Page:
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Bulk car battery bust cracks theft ring

Suspects targeted Walmart stores in multiple states
Posted at 6:03 PM, Jun 27, 2019
and last updated 2019-06-27 18:08:56-04

WESTMINSTER, Md. — On any given day, you will find trucks outside the Westminster Walmart loading and offloading merchandise, but late one night in February, four men pulled up, cut through a gate and made off with a pallet filled with 50 car batteries.

Captain Scott Peter of the Westminster Police Department said that with the help of surveillance video, charging documents and GPS data from what proved to be a rental truck, the investigation led them to 21-year-old Richard Turner of Baltimore.

"We had a description of the vehicle,” said Peter. “Based on phone records of the one suspect, we were able to put them in the area at the time this occurred."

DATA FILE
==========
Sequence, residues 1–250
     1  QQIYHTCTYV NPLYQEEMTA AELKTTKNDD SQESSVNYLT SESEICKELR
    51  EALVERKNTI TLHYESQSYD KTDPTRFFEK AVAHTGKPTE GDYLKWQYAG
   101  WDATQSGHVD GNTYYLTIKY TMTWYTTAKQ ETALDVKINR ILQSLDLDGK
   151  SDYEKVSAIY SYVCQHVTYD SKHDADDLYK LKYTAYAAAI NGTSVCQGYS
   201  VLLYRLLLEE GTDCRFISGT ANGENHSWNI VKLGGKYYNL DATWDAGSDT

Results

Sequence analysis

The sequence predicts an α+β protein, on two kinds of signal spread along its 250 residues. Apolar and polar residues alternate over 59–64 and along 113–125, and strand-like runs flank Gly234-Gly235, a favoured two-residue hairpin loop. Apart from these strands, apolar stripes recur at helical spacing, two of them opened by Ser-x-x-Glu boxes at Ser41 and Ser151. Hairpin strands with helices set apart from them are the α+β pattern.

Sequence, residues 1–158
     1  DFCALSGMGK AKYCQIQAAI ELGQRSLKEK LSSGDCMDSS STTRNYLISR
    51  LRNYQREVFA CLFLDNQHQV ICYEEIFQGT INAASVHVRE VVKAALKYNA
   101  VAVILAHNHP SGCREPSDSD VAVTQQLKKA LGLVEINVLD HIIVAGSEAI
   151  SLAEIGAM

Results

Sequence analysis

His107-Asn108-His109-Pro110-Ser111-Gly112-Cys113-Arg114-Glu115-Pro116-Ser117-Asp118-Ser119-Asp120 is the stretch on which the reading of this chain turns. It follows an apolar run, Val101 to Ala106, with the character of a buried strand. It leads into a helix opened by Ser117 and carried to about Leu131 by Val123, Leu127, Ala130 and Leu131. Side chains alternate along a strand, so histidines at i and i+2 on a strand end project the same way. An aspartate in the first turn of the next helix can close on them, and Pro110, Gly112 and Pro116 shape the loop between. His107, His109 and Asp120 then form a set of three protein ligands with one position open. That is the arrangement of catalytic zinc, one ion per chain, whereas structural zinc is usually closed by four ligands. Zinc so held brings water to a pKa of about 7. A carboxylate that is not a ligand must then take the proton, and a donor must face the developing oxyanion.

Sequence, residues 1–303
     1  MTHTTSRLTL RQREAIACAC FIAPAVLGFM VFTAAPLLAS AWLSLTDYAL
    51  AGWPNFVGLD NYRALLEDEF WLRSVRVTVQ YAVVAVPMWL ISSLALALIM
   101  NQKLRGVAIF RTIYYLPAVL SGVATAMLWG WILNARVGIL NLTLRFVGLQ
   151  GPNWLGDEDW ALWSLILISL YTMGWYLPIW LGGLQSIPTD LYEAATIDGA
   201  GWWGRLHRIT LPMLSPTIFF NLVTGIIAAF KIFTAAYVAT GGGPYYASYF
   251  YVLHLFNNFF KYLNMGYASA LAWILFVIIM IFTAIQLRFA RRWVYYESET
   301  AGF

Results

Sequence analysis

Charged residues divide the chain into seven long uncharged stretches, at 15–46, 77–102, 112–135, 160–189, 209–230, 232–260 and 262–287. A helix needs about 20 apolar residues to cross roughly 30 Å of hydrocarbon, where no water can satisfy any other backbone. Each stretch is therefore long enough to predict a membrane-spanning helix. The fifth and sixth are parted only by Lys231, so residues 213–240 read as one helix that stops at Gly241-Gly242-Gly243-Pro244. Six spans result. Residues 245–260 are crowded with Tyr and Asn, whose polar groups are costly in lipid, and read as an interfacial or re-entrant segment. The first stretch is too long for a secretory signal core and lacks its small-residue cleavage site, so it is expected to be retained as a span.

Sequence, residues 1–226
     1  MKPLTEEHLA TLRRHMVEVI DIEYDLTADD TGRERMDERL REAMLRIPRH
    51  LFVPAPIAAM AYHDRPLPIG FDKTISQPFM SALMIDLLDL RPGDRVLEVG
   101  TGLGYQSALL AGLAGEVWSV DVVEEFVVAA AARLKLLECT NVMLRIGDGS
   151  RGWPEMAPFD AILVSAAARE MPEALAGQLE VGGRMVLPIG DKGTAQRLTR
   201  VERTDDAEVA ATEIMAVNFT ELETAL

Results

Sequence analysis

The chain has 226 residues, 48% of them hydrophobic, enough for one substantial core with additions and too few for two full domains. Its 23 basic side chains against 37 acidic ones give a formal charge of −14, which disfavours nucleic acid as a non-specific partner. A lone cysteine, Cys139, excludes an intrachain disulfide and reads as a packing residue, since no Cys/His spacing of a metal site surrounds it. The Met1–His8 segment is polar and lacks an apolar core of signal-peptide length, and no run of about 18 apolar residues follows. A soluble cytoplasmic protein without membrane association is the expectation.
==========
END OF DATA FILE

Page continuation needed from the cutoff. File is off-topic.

Ultimately, it took more than four months to identify the suspects who used a portable fork-lift to steal the batteries in just six minutes time before driving away.

"They were professionals. They knew what they were doing. They'd been to multiple states, multiple counties,” Peter said. “It just happened to all come together for us in Carroll County with the help of our friends. It was definitely a pretty good case. $8,000 worth of batteries stolen. They were selling them independently out of the back of their own rental truck as kind of their own business on top of stuff they were scrapping at scrapyards."

It proved to be a high-volume crime with a payoff to match, which has become a trend in recent years.

"This is not uncommon. This has happened before with other things stolen from big box stores,” said Peter, “We've had like, if you'd believe, like big bails of recycled cardboard stolen at times. Guys are getting more organized. More bang for their buck. You get a rental truck. You load it up with stolen property and take it somewhere. You play the odds. Eventually, though, you're going to get caught."

It appears the theft ring may have targeted Walmart stores elsewhere in Carroll County, as well as Anne Arundel County and surrounding states, until their business built on hot batteries finally went bust.